What’s a little more surprising about Amazon’s criteria is that includes grants and subsidies as a key consideration. If we were talking about an Amazon warehouse, this demand would be expected. Such a facility would need access to lots of cheap land and workers, something which can be found in a large number of places, and so a sweetener would clearly help sway the decision. For example, this has been used by both the Scottish and Welsh Governments to attract Amazon warehouses to Swansea and Dunfermline.


But with the company’s new HQ, we’re talking about a higher-skilled operation. The clustering of high-skilled businesses in central London and Manhattan, two of the most expensive places to do business in the world, shows that high-skilled businesses are prepared to pay a premium for access to talent.

And it’s hard to see Amazon sacrificing this for the sake of some subsidies – indeed, it is unlikely the company’s decision to locate its UK HQ in Shoreditch resulted from similar interventions. The reality is that Amazon can only meet its need for a large skilled labour force, good transport links and a strong amenity underlines by locating in a major city.

This undermines a line of argument often put to us here at the Centre for Cities, which suggests that modern communications technologies allow big firms to locate anywhere. It also echoes a point made by Professor Michael Storper in his City Horizons lecture last September: that in the modern economy, firms like Amazon need cities as much as cities need firms like Amazon.

More broadly, it underlines the importance of cities to the economies of developed countries. In the UK, for example, economic activity isn’t evenly or randomly distributed across the country – it is clustered in cities.

For the industrial strategy to be successful in in raising prosperity and growth across the country, it therefore needs to focus on helping successful cities continue to thrive – and support struggling cities to overcome the challenges they face in boosting their economies.

Paul Swinney is senior economist at the Centre for Cities, on whose blog this article was first published.

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What’s up with Wakanda’s trains? On public transport in Black Panther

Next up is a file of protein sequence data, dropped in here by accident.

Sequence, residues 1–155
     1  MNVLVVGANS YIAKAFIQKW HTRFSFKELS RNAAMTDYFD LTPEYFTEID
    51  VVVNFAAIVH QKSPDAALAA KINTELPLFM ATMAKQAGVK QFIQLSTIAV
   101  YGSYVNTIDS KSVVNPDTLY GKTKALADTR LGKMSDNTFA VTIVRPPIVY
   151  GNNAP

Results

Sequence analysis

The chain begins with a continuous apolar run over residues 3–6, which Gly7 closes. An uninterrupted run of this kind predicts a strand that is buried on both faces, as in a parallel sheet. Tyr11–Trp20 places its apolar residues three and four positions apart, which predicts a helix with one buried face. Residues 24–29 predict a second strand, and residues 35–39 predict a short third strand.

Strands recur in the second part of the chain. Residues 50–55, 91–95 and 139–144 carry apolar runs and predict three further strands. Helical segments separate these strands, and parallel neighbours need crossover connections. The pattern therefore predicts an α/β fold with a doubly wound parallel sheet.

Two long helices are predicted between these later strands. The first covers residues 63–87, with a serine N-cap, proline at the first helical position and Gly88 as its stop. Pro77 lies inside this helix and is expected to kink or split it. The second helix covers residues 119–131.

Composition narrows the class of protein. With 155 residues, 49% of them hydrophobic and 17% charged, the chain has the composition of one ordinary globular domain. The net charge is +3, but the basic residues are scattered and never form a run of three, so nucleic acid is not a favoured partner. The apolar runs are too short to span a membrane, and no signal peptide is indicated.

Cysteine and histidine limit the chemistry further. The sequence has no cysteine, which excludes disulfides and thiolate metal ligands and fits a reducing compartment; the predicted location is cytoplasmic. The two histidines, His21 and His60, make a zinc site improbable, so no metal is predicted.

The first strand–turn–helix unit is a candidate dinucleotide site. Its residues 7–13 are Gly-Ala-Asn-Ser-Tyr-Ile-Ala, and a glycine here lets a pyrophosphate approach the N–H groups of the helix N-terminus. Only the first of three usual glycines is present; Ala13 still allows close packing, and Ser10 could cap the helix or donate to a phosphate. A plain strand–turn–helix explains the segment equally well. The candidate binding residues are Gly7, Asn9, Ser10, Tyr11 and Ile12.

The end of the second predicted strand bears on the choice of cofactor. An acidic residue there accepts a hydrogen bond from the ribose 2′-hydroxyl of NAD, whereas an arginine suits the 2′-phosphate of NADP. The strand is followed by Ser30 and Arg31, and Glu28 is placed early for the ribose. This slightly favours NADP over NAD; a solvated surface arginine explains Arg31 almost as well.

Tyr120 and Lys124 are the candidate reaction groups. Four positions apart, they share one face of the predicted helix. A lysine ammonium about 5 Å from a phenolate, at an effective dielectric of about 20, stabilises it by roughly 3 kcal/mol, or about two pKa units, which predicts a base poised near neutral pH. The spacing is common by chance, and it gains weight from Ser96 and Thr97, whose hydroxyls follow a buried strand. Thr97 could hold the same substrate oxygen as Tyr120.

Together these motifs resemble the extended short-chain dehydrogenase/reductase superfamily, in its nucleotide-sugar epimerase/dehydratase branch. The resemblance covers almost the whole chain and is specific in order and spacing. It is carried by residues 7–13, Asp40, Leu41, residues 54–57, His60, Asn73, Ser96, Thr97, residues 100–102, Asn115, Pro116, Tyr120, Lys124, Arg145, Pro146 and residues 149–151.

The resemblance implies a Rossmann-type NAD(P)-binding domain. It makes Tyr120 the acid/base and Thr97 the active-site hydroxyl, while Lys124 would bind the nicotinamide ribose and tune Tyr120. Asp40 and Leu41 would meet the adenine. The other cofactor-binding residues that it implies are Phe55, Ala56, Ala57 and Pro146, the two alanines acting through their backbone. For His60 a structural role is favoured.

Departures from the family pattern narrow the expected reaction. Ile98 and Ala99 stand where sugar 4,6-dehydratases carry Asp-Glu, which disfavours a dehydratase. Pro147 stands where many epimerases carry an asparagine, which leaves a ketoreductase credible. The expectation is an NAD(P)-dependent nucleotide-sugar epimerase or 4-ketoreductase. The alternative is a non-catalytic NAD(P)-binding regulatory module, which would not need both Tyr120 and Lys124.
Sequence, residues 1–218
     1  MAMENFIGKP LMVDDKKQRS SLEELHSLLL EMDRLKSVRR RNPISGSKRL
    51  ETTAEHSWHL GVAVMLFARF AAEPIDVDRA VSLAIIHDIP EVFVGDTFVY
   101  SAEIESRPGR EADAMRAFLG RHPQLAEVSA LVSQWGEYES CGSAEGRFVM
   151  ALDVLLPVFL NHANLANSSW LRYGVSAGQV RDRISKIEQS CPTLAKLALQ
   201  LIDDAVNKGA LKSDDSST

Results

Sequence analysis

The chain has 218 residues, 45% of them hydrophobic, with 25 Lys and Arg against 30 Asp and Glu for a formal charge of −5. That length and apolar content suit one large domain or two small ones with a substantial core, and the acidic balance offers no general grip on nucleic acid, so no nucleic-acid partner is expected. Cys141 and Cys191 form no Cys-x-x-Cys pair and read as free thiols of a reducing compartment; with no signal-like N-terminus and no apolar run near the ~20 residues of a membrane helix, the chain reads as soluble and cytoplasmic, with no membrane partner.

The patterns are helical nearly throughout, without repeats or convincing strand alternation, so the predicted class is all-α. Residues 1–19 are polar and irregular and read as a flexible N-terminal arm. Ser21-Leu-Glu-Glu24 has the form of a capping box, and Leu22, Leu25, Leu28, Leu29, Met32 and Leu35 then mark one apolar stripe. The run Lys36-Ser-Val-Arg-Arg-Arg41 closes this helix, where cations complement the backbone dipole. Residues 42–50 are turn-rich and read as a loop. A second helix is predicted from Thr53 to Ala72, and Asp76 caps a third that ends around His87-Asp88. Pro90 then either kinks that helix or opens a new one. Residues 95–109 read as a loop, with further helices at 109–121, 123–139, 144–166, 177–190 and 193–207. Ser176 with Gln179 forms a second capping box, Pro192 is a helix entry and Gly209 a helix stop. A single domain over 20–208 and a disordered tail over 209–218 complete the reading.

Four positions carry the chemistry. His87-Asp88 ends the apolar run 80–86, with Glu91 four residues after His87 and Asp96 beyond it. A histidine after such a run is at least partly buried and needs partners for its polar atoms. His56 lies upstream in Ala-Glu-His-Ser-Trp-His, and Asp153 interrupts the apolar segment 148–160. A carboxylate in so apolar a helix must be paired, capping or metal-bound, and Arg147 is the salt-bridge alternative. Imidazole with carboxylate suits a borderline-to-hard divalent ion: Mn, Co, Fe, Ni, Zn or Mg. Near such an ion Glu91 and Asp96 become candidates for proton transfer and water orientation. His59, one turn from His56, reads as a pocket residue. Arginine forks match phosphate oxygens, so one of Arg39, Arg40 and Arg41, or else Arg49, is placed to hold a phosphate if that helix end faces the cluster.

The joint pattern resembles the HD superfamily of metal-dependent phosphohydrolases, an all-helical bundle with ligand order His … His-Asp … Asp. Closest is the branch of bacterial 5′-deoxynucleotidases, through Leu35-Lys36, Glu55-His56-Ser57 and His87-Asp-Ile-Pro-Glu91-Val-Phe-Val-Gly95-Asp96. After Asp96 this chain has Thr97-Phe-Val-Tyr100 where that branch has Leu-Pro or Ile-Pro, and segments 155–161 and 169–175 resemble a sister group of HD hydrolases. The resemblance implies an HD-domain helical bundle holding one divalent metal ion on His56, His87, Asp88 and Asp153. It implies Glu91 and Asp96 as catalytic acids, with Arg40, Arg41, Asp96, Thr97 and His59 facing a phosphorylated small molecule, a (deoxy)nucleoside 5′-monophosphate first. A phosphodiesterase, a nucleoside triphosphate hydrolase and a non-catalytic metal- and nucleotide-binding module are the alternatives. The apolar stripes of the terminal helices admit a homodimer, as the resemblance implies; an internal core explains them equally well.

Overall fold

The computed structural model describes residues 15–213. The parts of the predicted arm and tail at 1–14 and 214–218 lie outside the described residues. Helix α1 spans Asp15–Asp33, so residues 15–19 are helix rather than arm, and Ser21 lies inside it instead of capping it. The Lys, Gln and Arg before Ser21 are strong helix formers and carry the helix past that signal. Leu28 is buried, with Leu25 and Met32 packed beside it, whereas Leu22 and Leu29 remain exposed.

The Black Panther promotional poster. Image: Marvel/Disney.

Black Panther is one of the best reviewed superhero films of all time. It’s instantly become a cultural touchstone for black representation in movies, while shining a positive light on a continent almost totally ignored by Hollywood. But never mind all that – what about the trains?

The film takes place in the fictional African country of Wakanda, a small, technologically advanced nation whose power comes from its main natural resource: huge supplies of a magical metal called vibranium. As is often the case in sci-fi, “technologically advanced” here means “full of skyscrapers and trains”. In other words, perfect Citymetric territory.

Here’s a mostly spoiler-free guide to Black Panther’s urbanism and transport.

City planning

It’s to the credit of Black Panther’s crew that there’s anything to talk about here at all. Fictional cities in previous Marvel films, such as Asgard from the Thor films or Xandar from Guardians of the Galaxy, don’t feel like real places at all, but collections of random monuments joined together by unwalkably-wide and sterile open spaces.

Wakanda’s capital, the Golden City, seems to have distinct districts and suburbs with a variety of traditional and modern styles, arranged roughly how you’d expect a capital to be – skyscrapers in the centre, high-rise apartments around it, and what look like industrial buildings on its waterfront. In other words, it’s a believable city.

It’s almost a real city. Image: Marvel/Disney